Collecting Emails: The Elegant Way. With MailChimp

I am starting on a new project called Ficte which will be a place to read and write short stories, poems, and other forms of creative writing. Plug: If you feel you would like to try out the service when it is finished, sign up to get notified here.

In order to promote Ficte, I needed a splash page with a feature list, and a form to receive emails of people who are interested. I did not really want to go write a large back-end for this, so I went to MailChimp (Disclaimer: Referral), which, to my surprise, was a free service for people who have a small amount of subscribers. I jumped on this, and went through the steps to setup a list. When I got to connecting my list with my splash page, I got a great (sarcasm) copy-and-paste form which when submitted, directed to MailChimp to confirm the subscription. This is something I did not like, so I caved on my idea of no back-end, and wrote a simple Express app (which I will use for the rest of Ficte); This is how I did it.

Setting up an Express app in Node.js

I am going to assume you have Node.js and NPM installed on an Unix machine, if not go install them.

First thing we do, is to get a skeleton Express app up and running. This is done in terminal by first changing the directory to your working directory, then execute the Express skeleton command which will generate the file hierarchy of a basic Express app. We also needed to install the dependencies so change the directory to the skeleton, then install them with NPM.

express express-skeleton
cd express-skeleton
npm install

The skeleton does a great job setting up the file hierarchy, however it bloats the files with some unnecessary code to run the example app. The example app that this code creates can be seen on localhost:3000.

node app

It should look something like this:

Now we can shutdown the node app by pressing CTRL+C. In order to speed up our workflow, I would suggest downloading nodemon which auto refreshes the node app. This can be done via NPM:

npm install -g nodemon

Once it is installed globally, we can run it, and it will auto update when it detects changes.

nodemon app.js

If nodemon does not run, or it cannot be found on your machine. Make sure NPM is in your path; add this snippet to your $PATH (.bashrc file), close and reopen terminal, and try again.

$PATH for node on OS X 10.8.4

### Node Devlopment
export NODE_PATH="/usr/local/lib/node"
export PATH="/usr/local/bin:/usr/local/sbin:/usr/local/mysql/bin:/usr/local/share/npm/bin:$PATH"

Serving a HTML page with Express routes

Now that the administration stuff is down, we can write code! Before we do that lets figure out what our app needs to do:

  1. It needs to serve the HTML page which will hold our form
  2. It needs to receive requests with the email value
  3. It needs to forward the email address to MailChimp

To serve the HTML page, we need to setup a route. Routes are pretty simple, but first we need to fix some things in app.js. The server launch does not work well so we are replacing the line including http.createServer(app) until the end of the file with:

app.listen(app.get('port'), function() {
  console.log("Listening on " + app.get('port'));

This fixes issues I had launching the app with Heroku, foreman, and nodemon.

Next, we can create our index page. I prefer to use Jade for a template engine, and that is the default template engine Express uses. To create the index page, open views/index.jade, this will show some default code. Replace that code with this simple html form (converted to Jade):

!!! 5
    link(rel='stylesheet', type='text/css', href='stylesheets/style.css')
    title Signup for spam.
    script(type='text/javascript', src='javascripts/splash.js')
h1 We will spam you.
form(action='/s', method='POST')'email', name='email', placeholder='') Now confirm your email
  button(type='submit').email-submit GO
  // This is for an AJAX loading indicator

We now have our simple form which can be seen at localhost:3000.


The form is ugly right now, but with a little style in public/stylesheets/style.css, It can look pretty.

/* style.css */
.email-text {
  border: none;
  outline: none;
  border: 3px double #CCC;
  padding: 2px 55px 0px 5px;
  font-size: 30px;
  width: 340px;
  -webkit-transition: background-color 250ms linear;
  -moz-transition: background-color 250ms linear;
  -o-transition: background-color 250ms linear;
  -ms-transition: background-color 250ms linear;
  transition: background-color 250ms linear;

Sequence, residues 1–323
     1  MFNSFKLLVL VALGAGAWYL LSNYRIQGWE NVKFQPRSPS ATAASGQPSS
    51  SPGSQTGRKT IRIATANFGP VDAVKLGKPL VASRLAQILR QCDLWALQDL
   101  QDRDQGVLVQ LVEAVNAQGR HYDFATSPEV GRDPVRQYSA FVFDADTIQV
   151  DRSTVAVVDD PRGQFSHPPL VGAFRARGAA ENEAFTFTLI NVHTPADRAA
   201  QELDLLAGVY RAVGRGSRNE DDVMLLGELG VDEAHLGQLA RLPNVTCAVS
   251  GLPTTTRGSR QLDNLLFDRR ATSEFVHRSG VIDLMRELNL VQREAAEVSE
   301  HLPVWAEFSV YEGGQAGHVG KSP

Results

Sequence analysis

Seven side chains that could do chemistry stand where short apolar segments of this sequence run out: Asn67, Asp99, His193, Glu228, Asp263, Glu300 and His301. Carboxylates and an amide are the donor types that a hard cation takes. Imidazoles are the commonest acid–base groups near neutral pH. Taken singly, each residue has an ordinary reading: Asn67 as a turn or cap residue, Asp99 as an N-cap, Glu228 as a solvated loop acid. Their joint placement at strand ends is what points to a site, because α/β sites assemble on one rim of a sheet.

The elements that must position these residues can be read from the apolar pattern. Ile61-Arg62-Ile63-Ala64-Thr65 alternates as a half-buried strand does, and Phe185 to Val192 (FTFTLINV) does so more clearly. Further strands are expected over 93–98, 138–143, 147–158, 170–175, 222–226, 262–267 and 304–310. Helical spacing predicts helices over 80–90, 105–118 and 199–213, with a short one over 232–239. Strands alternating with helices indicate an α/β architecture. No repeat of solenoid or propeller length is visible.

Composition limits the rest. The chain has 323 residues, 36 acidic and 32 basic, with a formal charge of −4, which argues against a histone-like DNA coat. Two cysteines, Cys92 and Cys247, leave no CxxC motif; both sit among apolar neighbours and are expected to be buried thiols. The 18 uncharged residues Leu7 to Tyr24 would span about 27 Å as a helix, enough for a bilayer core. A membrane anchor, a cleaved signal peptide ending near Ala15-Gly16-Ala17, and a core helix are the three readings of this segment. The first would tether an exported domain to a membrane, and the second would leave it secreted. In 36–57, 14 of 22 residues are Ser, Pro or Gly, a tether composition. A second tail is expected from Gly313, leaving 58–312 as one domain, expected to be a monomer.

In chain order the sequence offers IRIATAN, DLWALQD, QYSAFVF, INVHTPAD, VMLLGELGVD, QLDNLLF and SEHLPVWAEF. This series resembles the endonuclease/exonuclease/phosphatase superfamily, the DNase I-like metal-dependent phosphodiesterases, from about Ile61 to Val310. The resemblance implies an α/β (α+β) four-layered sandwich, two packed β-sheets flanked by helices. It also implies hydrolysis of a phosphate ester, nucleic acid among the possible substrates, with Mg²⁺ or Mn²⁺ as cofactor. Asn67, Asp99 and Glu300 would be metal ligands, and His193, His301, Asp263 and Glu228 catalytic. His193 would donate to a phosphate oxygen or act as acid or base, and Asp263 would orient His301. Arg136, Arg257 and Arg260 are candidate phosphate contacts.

.email-submit {
  margin-left: -60px;
  background: none;
  border: none;
  font-weight: bold;
  font-size: 30px;
  color: #999;
.email-submit:hover {
  color: #666;
/* Loader */
.floatingBarsG{position:relative;width:24px;height:30px;margin-left:-30px;display:inline-block;}.blockG{position:absolute;background-color:#fff;width:4px;height:9px;-moz-border-radius:4px 4px 0 0;-moz-transform:scale(0.4);-moz-animation-name:fadeG;-moz-animation-duration:.64s;-moz-animation-iteration-count:infinite;-moz-animation-direction:linear;-webkit-border-radius:4px 4px 0 0;-webkit-transform:scale(0.4);-webkit-animation-name:fadeG;-webkit-animation-duration:.64s;-webkit-animation-iteration-count:infinite;-webkit-animation-direction:linear;-ms-border-radius:4px 4px 0 0;-ms-transform:scale(0.4);-ms-animation-name:fadeG;-ms-animation-duration:.64s;-ms-animation-iteration-count:infinite;-ms-animation-direction:linear;-o-border-radius:4px 4px 0 0;-o-transform:scale(0.4);-o-animation-name:fadeG;-o-animation-duration:.64s;-o-animation-iteration-count:infinite;-o-animation-direction:linear;border-radius:4px 4px 0 0;transform:scale(0.4);animation-name:fadeG;animation-duration:.64s;animation-iteration-count:infinite;animation-direction:linear;}.rotateG_01{left:0;top:11px;-moz-animation-delay:.24s;-moz-transform:rotate(-90deg);-webkit-animation-delay:.24s;-webkit-transform:rotate(-90deg);-ms-animation-delay:.24s;-ms-transform:rotate(-90deg);-o-animation-delay:.24s;-o-transform:rotate(-90deg);animation-delay:.24s;transform:rotate(-90deg);}.rotateG_02{left:3px;top:4px;-moz-animation-delay:.32s;-moz-transform:rotate(-45deg);-webkit-animation-delay:.32s;-webkit-transform:rotate(-45deg);-ms-animation-delay:.32s;-ms-transform:rotate(-45deg);-o-animation-delay:.32s;-o-transform:rotate(-45deg);animation-delay:.32s;transform:rotate(-45deg);}.rotateG_03{left:10px;top:1px;-moz-animation-delay:.4s;-moz-transform:rotate(0deg);-webkit-animation-delay:.4s;-webkit-transform:rotate(0deg);-ms-animation-delay:.4s;-ms-transform:rotate(0deg);-o-animation-delay:.4s;-o-transform:rotate(0deg);animation-delay:.4s;transform:rotate(0deg);}.rotateG_04{right:3px;top:4px;-moz-animation-delay:.48s;-moz-transform:rotate(45deg);-webkit-animation-delay:.48s;-webkit-transform:rotate(45deg);-ms-animation-delay:.48s;-ms-transform:rotate(45deg);-o-animation-delay:.48s;-o-transform:rotate(45deg);animation-delay:.48s;transform:rotate(45deg);}.rotateG_05{right:0;top:11px;-moz-animation-delay:.56s;-moz-transform:rotate(90deg);-webkit-animation-delay:.56s;-webkit-transform:rotate(90deg);-ms-animation-delay:.56s;-ms-transform:rotate(90deg);-o-animation-delay:.56s;-o-transform:rotate(90deg);animation-delay:.56s;transform:rotate(90deg);}.rotateG_06{right:3px;bottom:3px;-moz-animation-delay:.64s;-moz-transform:rotate(135deg);-webkit-animation-delay:.64s;-webkit-transform:rotate(135deg);-ms-animation-delay:.64s;-ms-transform:rotate(135deg);-o-animation-delay:.64s;-o-transform:rotate(135deg);animation-delay:.64s;transform:rotate(135deg);}.rotateG_07{bottom:0;left:10px;-moz-animation-delay:.72s;-moz-transform:rotate(180deg);-webkit-animation-delay:.72s;-webkit-transform:rotate(180deg);-ms-animation-delay:.72s;-ms-transform:rotate(180deg);-o-animation-delay:.72s;-o-transform:rotate(180deg);animation-delay:.72s;transform:rotate(180deg);}.rotateG_08{left:3px;bottom:3px;-moz-animation-delay:.8s;-moz-transform:rotate(-135deg);-webkit-animation-delay:.8s;-webkit-transform:rotate(-135deg);-ms-animation-delay:.8s;-ms-transform:rotate(-135deg);-o-animation-delay:.8s;-o-transform:rotate(-135deg);animation-delay:.8s;transform:rotate(-135deg);}100%{background-color:#FFF;}.hide{display:none;}